Letter to the Editor: Remember our real motto

Collin McCadden

In my four years at Tulane, I have witnessed the school grow and change tremendously. I came here knowing the university and New Orleans itself were undergoing a renaissance of sorts in the wake of Hurricane Katrina. The school has become more academically excellent, more highly regarded and more selective.

Tulane jumped in the U.S. News & World Report rankings from the 54th best National University in 2014, when I applied, to the 40th most recently. The acceptance rate has gone from 26 percent in 2014 to 17 percent for the incoming Class of 2022. These trends will continue.

Tulane has changed socially and culturally as well. Tulane has a vibrant nightlife and party culture that is no doubt influenced by the “laissez les bons temps rouler” attitude of New Orleans. Yet the party culture at times verges on the debaucherous and even the dangerous. The Tulane administration is currently grappling with the school’s party culture in light of several drug and alcohol-related student deaths, the recent Sexual Misconduct Climate Survey and The Princeton Review naming us the nation’s No. 1 party school in 2018.

New procedures and policies are being enacted to make Tulane safer and to hamper the excesses of the night. As a member of a fraternity at Tulane, these initiatives are important to me. Greek organizations will undoubtedly need to work with, rather than against, the school to achieve common goals. The line between fun and safety and the line between freedom and responsibility are important ones to walk. I believe the trend of Tulane’s increasing academic excellence is coalescing with the trend of Tulane cultivating a safer and healthier culture.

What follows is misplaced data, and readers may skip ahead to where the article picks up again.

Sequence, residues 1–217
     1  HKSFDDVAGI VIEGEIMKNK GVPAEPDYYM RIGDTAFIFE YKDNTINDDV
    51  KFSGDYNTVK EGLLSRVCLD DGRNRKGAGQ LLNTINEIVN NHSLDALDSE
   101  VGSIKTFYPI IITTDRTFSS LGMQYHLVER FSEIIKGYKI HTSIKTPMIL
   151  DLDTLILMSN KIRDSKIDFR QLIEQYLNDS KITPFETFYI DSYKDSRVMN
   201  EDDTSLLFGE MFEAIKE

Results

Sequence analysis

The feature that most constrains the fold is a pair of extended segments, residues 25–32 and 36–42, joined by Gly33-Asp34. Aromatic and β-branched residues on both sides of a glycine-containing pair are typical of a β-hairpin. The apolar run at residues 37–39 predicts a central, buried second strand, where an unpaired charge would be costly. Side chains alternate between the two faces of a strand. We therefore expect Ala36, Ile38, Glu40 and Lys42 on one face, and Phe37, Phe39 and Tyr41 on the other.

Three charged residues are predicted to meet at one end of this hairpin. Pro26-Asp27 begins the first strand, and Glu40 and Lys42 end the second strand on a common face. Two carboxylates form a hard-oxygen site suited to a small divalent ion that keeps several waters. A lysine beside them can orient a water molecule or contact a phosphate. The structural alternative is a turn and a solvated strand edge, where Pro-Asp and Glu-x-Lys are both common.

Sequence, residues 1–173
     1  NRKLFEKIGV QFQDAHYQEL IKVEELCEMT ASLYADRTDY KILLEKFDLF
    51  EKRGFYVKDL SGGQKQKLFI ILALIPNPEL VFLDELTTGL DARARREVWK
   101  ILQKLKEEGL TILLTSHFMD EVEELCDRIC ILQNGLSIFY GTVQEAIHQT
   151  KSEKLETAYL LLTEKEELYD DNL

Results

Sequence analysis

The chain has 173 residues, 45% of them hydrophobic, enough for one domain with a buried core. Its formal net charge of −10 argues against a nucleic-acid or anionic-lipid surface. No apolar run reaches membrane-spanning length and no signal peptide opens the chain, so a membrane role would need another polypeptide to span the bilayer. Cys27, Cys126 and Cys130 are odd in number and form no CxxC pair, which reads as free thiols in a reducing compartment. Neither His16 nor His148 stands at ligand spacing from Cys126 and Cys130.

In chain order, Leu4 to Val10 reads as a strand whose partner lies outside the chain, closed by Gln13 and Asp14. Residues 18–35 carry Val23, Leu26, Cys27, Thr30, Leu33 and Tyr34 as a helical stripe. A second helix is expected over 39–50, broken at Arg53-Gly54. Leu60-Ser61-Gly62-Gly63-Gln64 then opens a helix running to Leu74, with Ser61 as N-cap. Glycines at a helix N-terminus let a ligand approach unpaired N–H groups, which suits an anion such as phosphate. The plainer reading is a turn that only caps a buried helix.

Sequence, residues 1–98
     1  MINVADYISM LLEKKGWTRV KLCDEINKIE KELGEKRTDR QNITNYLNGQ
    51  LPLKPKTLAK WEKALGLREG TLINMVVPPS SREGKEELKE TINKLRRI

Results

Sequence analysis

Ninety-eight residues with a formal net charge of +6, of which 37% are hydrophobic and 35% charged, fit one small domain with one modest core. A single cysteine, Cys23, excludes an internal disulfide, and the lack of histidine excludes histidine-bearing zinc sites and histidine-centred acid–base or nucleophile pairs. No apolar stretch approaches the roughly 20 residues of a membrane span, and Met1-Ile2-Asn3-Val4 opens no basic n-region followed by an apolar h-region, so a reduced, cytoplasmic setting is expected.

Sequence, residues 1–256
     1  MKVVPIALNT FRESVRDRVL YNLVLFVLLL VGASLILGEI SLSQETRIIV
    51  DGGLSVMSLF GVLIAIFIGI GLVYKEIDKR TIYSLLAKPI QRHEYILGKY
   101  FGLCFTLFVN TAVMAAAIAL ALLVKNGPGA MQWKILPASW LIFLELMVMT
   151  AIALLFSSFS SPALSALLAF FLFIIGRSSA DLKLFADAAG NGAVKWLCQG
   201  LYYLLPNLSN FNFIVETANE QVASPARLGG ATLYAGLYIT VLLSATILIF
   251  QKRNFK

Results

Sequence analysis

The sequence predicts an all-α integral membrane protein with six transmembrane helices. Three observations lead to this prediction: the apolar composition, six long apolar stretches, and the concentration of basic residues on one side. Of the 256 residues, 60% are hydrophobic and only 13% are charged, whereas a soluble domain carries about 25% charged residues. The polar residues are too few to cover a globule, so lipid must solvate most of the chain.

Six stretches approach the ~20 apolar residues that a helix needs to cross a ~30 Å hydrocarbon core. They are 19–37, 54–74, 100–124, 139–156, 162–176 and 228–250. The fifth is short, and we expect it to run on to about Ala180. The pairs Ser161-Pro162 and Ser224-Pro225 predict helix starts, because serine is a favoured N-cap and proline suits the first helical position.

In his September 2017 Special Message on Alcohol and Drug Abuse, President Fitts discussed the need to address issues stemming from “Tulane’s culture of excessive partying.” He referenced Tulane’s “unofficial motto of ‘work hard, play hard.'” While this may be an unofficial motto of Tulane, at this important time in our university and our nation’s history I would like to instead call attention to Tulane’s official motto: “non sibi, sed suis” — not for oneself, but for one’s own.

This powerful motto reminds us of the importance of selflessness and of contributing to the greater good of society and humanity at large. In the aftermath of Hurricane Katrina, President Scott Cowen re-envisioned a university in which community engagement was a central component and in which education, research and public service were integrated. He envisioned a university in which all students would grow to become “engaged citizens and future leaders of the world.”

While The Princeton Review in 2018 may have ranked us as the No. 1 school under the “Lots of Hard Liquor” category, we also ranked first in “Most Engaged in Community Service.” Tulane was the first university in the nation to adopt a service learning graduation requirement. We produced more Peace Corps volunteers in 2018 than any graduate school in the country. We have an incredible social innovation and social entrepreneurship program of which I was a part.

As I prepare to graduate and think about my future and what I hope to accomplish, I think of not only my own private self-interest but also of the public interest. I think of not just myself, but of my own — my own brothers and family, my own school, my own home state and my own country. And fellow Tulanians, I encourage you to do the same. I encourage you to remember our real motto: non sibi, sed suis.

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